The next phase in the Bitcoin revolution will be the standardization of the exchanges where the coins are traded. Bitcoin is currently in the open West prospector days of its evolution. The planet has agreed a Bitcoin provides a stored way of measuring value just as that silver and gold have throughout the ages. Like silver and gold, Bitcoin is only worth what your partner is ready to pay you for it. This has led to cheating since trading began. Crooked scales and filled ore all became the main norm as both the miners and the assayers sought to pad their bottom lines. This led to governmental oversight and the creation of centralized exchanges.

The Bitcoin dream has gone to police its own community and remain beyond the physical scrutiny of any global government. The Utopian dream was shattered per month ago when Mt. Gox, by far the largest Bitcoin exchange, shut down due to a security breach and theft of around $300 million worth of Bitcoin. Customers who had Bitcoin on deposit with Mt. Gox still do not know how much they’ll reunite. The problems at Mt. Gox lay bare the cyber security argument. Surprisingly, Bitcoin as a currency has shown remarkable resilience. This resilience may be just the boost had a need to legitimize the currency and the lean towards governmental involvement that could actually help this fledgling store of value soar to its mainstream potential.

Bitcoin Revolution of the Mt. Gox incident may prove to be a boon for the currency. Tera Group, out of Summit New Jersey, already had proposed a bilateral agreement to the Commodity Trading Futures Commission (CFTC) to begin trading Bitcoins by way of a swap-execution facility or, centralized exchange. Almost all commercial currency trading is done through swaps agreements which is why we follow the commercial traders inside our own trading. A swap agreement is basically an insurance policy that delivers a guaranteed value at a particular point in time to safeguard against currency fluctuations. It’s what the commodity exchanges are founded on. The swap markets will be the superhighways of the financial industry. They process massive volumes while collecting a little toll on each transaction. Therefore, the cost on the individual swap is small but the sheer volume of swaps processed makes it a huge revenue source for all of the major banks.

The CFTC has yet to comment on Tera Group’s proposal. We commented in November that Bitcoin had transcended novelty status and that the revenue pool was becoming too large for global banks to ignore. Bitcoin’s resilience in the face of the Mt. Gox debacle is really a testament to the energy of a global grassroots movement. Bitcoin must have plunged around the world as owners of Bitcoins tried to exchange them for hard currency. The market’s response turned out to be very orderly. While prices did fall across the board, the market appeared to understand that it was an individual company’s problem and was therefore confined to Mt. Gox customers’ capability to get their money out. Subsequently, Bitcoin prices have stabilized around $585. That is well off the December most of $1,200 but very near the average price for the last six months.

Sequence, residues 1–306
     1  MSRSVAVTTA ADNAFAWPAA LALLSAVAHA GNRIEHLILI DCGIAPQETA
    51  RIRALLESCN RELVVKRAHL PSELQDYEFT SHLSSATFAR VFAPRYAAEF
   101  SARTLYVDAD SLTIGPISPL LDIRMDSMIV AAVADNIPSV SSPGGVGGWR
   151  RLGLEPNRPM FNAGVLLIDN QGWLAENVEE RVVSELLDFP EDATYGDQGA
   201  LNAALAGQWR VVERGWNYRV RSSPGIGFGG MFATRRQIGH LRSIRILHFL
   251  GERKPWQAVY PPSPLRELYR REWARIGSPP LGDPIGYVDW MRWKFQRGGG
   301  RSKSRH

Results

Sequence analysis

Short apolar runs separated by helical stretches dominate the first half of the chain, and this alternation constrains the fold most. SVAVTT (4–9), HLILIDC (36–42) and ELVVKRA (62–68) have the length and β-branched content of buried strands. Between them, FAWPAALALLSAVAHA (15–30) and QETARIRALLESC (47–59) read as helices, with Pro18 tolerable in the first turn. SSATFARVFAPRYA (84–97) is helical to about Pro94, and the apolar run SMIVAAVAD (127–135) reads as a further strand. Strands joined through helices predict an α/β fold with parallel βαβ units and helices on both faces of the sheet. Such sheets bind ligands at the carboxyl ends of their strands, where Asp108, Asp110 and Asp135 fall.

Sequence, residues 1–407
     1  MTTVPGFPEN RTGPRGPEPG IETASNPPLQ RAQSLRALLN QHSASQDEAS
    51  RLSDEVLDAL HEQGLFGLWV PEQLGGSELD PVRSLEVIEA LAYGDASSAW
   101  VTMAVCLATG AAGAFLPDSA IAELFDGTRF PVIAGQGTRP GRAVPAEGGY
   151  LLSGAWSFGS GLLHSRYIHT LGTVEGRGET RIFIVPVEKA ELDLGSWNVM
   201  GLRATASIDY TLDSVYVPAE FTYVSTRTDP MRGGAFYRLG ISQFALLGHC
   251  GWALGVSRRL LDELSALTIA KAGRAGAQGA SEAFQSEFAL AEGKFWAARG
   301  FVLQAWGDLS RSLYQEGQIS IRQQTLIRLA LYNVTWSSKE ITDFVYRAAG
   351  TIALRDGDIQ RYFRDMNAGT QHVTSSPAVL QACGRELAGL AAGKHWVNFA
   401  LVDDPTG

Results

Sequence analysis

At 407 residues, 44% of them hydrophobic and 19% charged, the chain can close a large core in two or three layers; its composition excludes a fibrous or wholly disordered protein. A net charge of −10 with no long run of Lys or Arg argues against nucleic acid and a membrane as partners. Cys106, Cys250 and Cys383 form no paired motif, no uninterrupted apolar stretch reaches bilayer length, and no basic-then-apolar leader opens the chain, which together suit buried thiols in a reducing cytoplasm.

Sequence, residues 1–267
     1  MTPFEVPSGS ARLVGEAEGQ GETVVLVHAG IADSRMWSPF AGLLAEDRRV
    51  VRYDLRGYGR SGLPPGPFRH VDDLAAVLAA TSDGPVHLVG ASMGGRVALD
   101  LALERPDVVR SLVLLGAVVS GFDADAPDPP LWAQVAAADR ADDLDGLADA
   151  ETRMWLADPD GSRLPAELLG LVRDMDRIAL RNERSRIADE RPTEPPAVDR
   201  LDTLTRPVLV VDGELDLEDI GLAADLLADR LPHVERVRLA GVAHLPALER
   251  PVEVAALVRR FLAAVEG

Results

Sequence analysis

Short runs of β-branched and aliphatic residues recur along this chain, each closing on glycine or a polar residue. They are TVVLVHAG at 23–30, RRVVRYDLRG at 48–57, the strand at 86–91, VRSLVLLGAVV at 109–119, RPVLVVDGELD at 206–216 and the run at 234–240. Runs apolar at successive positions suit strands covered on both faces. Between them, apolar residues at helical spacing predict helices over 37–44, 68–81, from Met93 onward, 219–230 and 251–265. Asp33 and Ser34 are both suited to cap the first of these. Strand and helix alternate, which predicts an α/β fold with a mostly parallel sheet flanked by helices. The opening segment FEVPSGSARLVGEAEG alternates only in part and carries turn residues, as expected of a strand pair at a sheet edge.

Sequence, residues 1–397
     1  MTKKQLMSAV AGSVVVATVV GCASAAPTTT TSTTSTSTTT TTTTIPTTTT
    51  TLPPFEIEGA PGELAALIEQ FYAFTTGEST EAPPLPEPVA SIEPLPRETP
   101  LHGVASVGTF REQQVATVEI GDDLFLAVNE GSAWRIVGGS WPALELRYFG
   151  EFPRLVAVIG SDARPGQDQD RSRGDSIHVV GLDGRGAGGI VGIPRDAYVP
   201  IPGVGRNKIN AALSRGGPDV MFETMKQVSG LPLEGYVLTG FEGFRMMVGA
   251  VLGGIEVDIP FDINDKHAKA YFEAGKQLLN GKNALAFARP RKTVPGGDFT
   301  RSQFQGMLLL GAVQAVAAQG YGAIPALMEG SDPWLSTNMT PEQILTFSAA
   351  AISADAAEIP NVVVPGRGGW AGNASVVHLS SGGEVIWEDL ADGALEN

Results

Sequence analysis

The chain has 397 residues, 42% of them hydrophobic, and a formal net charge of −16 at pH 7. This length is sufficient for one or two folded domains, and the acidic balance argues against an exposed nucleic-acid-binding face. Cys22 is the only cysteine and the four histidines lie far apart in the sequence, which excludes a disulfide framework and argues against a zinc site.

The last coincidentally timed piece of the structural transformation from Bitcoin being an anarchist, alternative store of value that exists outside the institutionalized financial industry to being integrated into that same financial system is its ability to be taxed by the offline governments it was developed to circumvent. THE INNER Revenue Service finally decided enough will do and it wants its cut. The IRS has declared Bitcoin as property instead of currency and is therefore at the mercy of property laws rather than currency laws. This allows the IRS to get their share while legitimizing the necessity for a central exchange to see value. In addition, it eliminates arguments with the U.S. Treasury and Congress over legal tender issues. It’s simply valued as an excellent which might be exchanged for other goods and services, barter.

Bitcoin is really a global marketplace executing transactions on an electronic network. That sounds an awful lot just like the forex markets. Industry regulators and the banking industry are going to quickly discover that the failure of Mt. Gox has done more to encourage the individual resolve of global Bitcoin users rather than ending this upstart’s existence. Private users of Bitcoin will clamor for the federal government to protect its people from crooked exchanges just as farmers were cheated in the grain trade of ancient Egypt or gold and cattle by assayers and stockyards in the Wild West. Tera Group may be in the proper place at the proper time with the proper idea as Bitcoin could have proven itself to be self-sustaining at the retail level. Institutional and legal structures are being put in place to continue its evolution because the financial industry is left to figure out how to monetize it.